Comparison of various tissue and cell therapy approaches when restoring ovarian, hepatic and kidney’s function after chemotherapy-induced ovarian failure

Kozub M.M. 1, Prokopiuk* V.Y. 2, Skibina K.P. 3, Prokopiuk O.V. 1, Kozub N.I.1

Summary. About 1% of women suffer from premature ovarian failure, which leads to a significant deterioration in the life quality. Most often this condition is caused by performed chemotherapy, autoimmune diseases, surgery performed on ovaries, uterus, or fallopian tubes. The aim of this study was to compare different approaches of tissue and cell therapy in restoring the sexual function in case of ovarian failure induced by chemotherapy. Materials and Methods: The study was carried out in BALB/c mice with the modeled ovarian failure, induced by cyclophosphamide and busulfan. The restoration dynamics of ovarian and sexual function, liver and kidneys after application of cryopreserved explants, cryoextract, placental mesenchymal stem cells, those of adipose tissue has been studied. Results: It has been shown that the use of various methods of cell and tissue therapy has comparable efficacy when treating an ovarian failure induced by chemotherapy. The most rapid and complete restoration of the reproductive system, liver and kidneys was observed when using the placental explants, extract and cells, but not with the use of mesenchymal stem cells of adipose tissue. No recovery of fertility in this experiment was observed. Conclusion: Various methods of cellular and tissue therapy are perspective in treatment of the chemotherapy complications. More effective are placental derivates.

Submitted: 24 April, 2017.
*Correspondence: E-mail:
Tel.: +380506159027
Abbreviations used: MSCs — mesenchymal stem cells; PBS — phosphate buffered saline; POF — premature ovarian failure.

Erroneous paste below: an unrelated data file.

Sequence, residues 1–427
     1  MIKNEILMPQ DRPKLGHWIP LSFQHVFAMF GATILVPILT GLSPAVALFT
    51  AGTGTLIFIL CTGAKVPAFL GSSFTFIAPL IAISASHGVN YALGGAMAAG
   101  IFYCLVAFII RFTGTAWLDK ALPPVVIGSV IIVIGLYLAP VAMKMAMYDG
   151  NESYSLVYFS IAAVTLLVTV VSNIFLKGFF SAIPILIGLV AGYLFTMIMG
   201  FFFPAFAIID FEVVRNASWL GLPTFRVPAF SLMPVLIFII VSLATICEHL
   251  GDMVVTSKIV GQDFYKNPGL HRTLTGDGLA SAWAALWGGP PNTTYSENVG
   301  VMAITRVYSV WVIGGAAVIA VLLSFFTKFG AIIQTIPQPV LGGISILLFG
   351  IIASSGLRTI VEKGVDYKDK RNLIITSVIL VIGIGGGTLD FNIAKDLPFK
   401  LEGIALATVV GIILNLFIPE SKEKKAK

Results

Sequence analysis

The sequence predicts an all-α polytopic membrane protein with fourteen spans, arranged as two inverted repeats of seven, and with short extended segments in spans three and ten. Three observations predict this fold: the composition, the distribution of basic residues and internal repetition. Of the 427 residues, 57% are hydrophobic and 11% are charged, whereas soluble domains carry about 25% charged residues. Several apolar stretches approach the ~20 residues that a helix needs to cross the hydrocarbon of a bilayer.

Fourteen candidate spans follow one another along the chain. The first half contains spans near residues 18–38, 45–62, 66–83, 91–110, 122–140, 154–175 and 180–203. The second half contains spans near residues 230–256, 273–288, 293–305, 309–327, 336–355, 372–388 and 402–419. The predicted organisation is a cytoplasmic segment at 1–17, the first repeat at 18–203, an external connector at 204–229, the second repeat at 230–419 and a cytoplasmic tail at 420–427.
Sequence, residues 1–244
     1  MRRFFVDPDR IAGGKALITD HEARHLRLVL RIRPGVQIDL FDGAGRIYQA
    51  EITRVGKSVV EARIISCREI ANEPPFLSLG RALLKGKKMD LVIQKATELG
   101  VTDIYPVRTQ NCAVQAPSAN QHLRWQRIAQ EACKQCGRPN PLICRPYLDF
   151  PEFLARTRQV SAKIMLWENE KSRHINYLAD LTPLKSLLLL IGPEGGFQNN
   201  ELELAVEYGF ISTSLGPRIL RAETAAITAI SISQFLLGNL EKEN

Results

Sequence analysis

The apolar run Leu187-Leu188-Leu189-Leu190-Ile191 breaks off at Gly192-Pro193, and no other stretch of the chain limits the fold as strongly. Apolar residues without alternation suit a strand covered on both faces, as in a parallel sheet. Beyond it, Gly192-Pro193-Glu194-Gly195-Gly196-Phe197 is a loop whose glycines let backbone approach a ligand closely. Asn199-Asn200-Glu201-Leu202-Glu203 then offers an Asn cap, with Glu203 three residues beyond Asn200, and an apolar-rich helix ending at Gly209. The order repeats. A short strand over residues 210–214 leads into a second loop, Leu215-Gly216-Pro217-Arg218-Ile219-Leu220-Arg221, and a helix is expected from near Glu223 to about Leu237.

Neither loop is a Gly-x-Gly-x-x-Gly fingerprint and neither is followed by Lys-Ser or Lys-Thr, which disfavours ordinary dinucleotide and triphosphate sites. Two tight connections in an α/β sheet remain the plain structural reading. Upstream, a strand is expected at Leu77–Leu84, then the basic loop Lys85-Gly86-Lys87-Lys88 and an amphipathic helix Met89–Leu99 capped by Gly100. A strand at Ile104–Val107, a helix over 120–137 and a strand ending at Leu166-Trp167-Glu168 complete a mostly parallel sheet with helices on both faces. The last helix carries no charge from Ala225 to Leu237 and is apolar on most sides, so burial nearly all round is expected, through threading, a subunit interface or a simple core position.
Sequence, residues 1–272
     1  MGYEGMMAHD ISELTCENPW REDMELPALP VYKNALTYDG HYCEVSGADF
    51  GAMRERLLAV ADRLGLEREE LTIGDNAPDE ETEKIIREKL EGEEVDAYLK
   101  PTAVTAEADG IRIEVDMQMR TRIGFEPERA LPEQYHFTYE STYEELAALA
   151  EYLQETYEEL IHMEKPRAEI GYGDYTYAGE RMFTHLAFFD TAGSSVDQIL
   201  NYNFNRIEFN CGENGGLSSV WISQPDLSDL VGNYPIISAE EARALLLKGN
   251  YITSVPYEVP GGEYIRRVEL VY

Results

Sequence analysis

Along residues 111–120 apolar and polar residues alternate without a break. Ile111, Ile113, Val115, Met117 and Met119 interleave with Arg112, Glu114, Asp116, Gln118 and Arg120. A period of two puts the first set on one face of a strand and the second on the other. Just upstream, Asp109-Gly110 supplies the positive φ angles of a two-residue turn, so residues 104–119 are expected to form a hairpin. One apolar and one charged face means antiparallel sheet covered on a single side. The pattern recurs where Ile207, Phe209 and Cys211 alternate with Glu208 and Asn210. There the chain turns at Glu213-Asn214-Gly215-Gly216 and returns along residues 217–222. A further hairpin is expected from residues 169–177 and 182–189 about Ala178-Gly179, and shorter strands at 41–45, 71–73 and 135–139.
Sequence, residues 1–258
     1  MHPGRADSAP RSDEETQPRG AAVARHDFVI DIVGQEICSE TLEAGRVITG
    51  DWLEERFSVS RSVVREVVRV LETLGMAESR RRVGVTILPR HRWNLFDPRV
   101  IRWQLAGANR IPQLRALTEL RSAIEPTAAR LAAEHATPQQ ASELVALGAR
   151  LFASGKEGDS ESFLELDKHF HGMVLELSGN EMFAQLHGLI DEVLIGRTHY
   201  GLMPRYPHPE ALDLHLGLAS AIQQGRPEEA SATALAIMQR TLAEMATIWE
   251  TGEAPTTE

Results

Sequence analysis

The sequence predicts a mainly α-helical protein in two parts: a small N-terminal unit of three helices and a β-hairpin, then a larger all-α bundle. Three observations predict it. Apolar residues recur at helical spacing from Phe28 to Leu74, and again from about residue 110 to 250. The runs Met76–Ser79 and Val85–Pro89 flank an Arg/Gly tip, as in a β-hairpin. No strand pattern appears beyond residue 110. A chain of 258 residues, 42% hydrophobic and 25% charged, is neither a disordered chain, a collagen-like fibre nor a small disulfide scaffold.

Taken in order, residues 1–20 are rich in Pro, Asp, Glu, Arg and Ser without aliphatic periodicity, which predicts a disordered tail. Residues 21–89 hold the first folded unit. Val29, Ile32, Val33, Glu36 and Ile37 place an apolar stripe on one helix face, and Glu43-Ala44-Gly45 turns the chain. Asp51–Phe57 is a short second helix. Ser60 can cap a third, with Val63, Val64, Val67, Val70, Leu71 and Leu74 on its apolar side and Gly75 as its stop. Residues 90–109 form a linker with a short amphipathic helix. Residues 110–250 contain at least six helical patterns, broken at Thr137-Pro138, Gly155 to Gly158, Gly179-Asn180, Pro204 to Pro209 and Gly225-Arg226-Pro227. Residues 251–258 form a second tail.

In developed countries, the physiological age of the menopause onset is 50–52 years. Premature ova­rian failure (POF) is observed in 1% of women under 40 and 0.1% under 30 years, among those 37% is due to iatrogenic causes (mainly after onco­logy treatment), 25% — to idiopathic, 19% — to genetic, 19% — to autoimmune [1, 2]. Complications of premature menopause are not only the lack of fertility, decreased libido and amenorrhea, but also a sharp deterioration in the quality of life, psycho-emotional disorders, osteoporosis, increased mortality from cardiovascular diseases and strokes [3, 4]. Traditional hormone therapy requires constant drug intake, has a number of limitations, does not restore fertility and does not correct pathological changes in target organs [5]. Cell therapy, protection of the ovarian reserve by the administration of gonadotropin-releasing agonists prior to the chemotherapy, cryopreservation of ovarian tissue, gametes, embryos are referred to perspective methods of POF correction [6, 7].

The most curative and numerous groups of the patients with POF are the women with iatrogenic and autoimmune origin of the disease [1, 3, 8]. It should be noted that the use of methods of cell and tissue therapy, unambiguously shown in autoimmune diseases, is controversial in the patients with oncologic pathology. Along with the classical postulate, the wor­sening of cancer prognosis with the use of stimulants and during pregnancy, there are the data on the ability of stem cells to suppress tumor growth independently and as a “vector” [11–14] as well as about the differentiated approaches to the restoration of fertility in the women who underwent oncology [15, 16]. Most researchers use the introduction of various stem cells, often of either placental or adipose origin directly into the ovary, to restore the function of the ovaries that is effective in improving sexual function and ferti­lity [17–20], but requires surgery, affects less other organs, demands the use of non-standardized culture techniques.